By Ronald H. Kauffman, P.A. posted in Equitable Distribution on Thursday, November 3, 2016.of
It happens only once every 108 years, or so it seems. But, tickets to see the Chicago Cubs in the World Series can be a valuable property to divide in divorce. At least in Illinois it is, as one couple found out.
According to ESPN, court documents filed in a Cook County Circuit Court on Friday say a woman this week submitted an “Emergency Petition For World Series Tickets” to see Game 4 on Saturday against the Cleveland Indians.
Judge Marya Nega ruled after arguments that the husband can keep the tickets for himself and the couple’s 12-year-old son, but should pay for a new ticket for Nancy Riddle in a “comparable” section to his.
The Cubs haven’t won a World Series title since 1908, and long-suffering fans are paying a minimum of thousands of dollars per ticket at Wrigley Field.
The cheapest available tickets start at around $3,000. Even standing-room tickets on sites such as StubHub started at around $2,500, with some sellers asking for more than $100,000 for prime box seats.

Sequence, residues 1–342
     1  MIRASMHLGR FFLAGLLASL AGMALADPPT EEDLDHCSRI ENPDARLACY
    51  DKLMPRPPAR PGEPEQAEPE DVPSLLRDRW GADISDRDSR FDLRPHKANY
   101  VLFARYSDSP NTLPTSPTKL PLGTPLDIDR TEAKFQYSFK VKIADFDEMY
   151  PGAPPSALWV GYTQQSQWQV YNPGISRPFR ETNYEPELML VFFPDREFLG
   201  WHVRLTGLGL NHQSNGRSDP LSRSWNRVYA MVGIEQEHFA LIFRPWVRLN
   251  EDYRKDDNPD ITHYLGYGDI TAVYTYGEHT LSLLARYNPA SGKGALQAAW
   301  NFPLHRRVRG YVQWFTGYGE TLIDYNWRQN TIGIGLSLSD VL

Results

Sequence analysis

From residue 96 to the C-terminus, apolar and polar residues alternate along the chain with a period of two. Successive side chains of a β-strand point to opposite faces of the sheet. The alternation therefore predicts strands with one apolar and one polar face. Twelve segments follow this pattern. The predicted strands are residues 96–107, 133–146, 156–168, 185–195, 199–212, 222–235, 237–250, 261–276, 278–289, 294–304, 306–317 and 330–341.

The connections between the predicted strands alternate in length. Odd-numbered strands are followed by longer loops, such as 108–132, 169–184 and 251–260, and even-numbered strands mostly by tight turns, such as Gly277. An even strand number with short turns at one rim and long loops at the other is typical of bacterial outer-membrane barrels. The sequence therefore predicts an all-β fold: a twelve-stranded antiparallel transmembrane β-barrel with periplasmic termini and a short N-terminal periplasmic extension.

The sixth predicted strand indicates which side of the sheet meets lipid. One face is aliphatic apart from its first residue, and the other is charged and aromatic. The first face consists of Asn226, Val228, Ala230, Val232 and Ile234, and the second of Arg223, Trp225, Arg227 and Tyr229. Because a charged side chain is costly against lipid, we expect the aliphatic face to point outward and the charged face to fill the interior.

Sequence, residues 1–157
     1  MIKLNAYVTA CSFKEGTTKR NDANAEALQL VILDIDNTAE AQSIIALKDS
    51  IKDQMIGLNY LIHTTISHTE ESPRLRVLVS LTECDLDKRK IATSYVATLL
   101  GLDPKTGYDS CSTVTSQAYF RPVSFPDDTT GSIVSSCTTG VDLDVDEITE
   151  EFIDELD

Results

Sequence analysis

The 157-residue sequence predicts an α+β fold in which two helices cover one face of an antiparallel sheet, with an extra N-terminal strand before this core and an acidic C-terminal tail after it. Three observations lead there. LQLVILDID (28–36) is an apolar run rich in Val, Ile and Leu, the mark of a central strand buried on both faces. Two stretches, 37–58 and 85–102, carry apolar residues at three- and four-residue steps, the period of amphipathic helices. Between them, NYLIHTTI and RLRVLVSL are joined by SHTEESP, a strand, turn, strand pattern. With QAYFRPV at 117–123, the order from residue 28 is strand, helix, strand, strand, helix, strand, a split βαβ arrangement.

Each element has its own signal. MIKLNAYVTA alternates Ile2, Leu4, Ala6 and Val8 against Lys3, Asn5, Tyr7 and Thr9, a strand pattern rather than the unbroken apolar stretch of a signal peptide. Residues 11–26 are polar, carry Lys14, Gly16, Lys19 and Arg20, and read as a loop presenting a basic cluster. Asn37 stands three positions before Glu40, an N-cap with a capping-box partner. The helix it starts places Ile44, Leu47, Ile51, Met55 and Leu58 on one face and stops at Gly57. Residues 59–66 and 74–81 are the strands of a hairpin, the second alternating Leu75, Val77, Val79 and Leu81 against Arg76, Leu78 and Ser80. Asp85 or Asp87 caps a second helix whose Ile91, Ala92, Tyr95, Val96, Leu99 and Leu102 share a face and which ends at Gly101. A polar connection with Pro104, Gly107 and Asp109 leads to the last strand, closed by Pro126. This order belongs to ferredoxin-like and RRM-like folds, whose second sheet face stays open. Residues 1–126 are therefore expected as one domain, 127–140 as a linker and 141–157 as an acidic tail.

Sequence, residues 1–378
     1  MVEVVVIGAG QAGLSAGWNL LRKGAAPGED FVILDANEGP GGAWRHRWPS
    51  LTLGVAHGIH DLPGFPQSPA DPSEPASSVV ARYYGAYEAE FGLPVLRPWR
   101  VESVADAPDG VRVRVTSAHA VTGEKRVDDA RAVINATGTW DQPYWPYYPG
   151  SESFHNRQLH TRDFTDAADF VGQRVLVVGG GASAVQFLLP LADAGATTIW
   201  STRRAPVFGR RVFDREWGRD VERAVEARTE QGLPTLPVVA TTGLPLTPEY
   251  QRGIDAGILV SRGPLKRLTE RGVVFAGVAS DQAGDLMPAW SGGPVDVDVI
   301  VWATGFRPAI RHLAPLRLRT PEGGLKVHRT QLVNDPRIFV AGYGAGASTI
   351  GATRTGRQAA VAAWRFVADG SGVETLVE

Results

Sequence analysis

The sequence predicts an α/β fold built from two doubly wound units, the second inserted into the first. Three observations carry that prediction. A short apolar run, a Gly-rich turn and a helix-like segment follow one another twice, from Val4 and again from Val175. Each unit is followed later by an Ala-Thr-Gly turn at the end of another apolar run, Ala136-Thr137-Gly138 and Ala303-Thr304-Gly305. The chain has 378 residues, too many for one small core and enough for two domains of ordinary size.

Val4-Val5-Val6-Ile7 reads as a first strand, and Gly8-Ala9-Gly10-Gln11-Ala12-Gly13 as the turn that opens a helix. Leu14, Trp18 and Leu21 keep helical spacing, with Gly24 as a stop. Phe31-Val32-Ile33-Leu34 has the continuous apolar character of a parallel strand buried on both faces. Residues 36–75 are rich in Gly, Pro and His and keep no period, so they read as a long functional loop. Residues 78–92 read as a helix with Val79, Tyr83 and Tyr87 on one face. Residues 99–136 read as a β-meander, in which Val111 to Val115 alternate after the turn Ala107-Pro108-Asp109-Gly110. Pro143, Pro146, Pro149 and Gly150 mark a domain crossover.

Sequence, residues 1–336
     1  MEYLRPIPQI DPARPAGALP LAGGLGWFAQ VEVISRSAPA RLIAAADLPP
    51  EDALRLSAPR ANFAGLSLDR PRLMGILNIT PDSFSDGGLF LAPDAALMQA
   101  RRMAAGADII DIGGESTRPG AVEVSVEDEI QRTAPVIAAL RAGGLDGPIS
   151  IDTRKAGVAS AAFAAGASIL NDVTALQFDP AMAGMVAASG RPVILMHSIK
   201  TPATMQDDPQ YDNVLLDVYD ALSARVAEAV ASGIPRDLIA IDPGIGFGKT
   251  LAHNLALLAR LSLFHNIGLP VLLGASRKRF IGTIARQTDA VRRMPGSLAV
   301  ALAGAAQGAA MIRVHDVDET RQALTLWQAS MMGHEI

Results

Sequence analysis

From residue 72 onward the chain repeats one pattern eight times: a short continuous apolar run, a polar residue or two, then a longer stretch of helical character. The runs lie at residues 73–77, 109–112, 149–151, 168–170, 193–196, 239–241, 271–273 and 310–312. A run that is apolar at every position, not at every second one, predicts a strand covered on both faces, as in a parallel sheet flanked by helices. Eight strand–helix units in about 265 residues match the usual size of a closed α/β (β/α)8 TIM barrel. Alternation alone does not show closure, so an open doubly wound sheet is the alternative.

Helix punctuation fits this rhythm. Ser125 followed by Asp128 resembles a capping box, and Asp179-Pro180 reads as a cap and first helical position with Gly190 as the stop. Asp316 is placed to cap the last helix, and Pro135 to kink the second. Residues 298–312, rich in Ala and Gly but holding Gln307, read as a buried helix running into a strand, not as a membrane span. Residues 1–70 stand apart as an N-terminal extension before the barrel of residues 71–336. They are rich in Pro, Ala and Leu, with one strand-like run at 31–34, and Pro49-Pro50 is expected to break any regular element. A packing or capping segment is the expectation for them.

I’ve written about equitable distribution before. Generally, courts have to distribute marital assets, and begin with the premise that a distribution should be equal, unless there is a justification for an unequal distribution. Courts can also, if good cause exists, order an interim partial distribution.
The husband’s lawyer, Michael Berger, described the legal tussle, saying his client landed the World Series tickets because he bought a season-ticket package deal with his friends this year before divorce proceedings began in April.
Berger said he objected to the issue being an emergency because the Cubs might not make it back to another World Series in the wife’s lifetime.
Berger is a fan of the Cubs’ crosstown rivals, the White Sox, and said he reluctantly acknowledged to the court during arguments before the judge that the Cubs “are a great team.
“Even if the Cubs lose this time, it is likely — regrettably — that they will be back to the World Series again soon,” he said in a Thursday phone interview.
One team, the NFL’s Green Bay Packers, has a clause in place to handle similar situations:
“Upon divorce or separation, we will honor a stipulation authorizing retention or transfer of tickets to one or both of the parties. Without stipulation or agreement, the tickets shall revert to the Green Bay Packers who shall have the right to divide them tickets between the parties.”
The ESPN article is available here.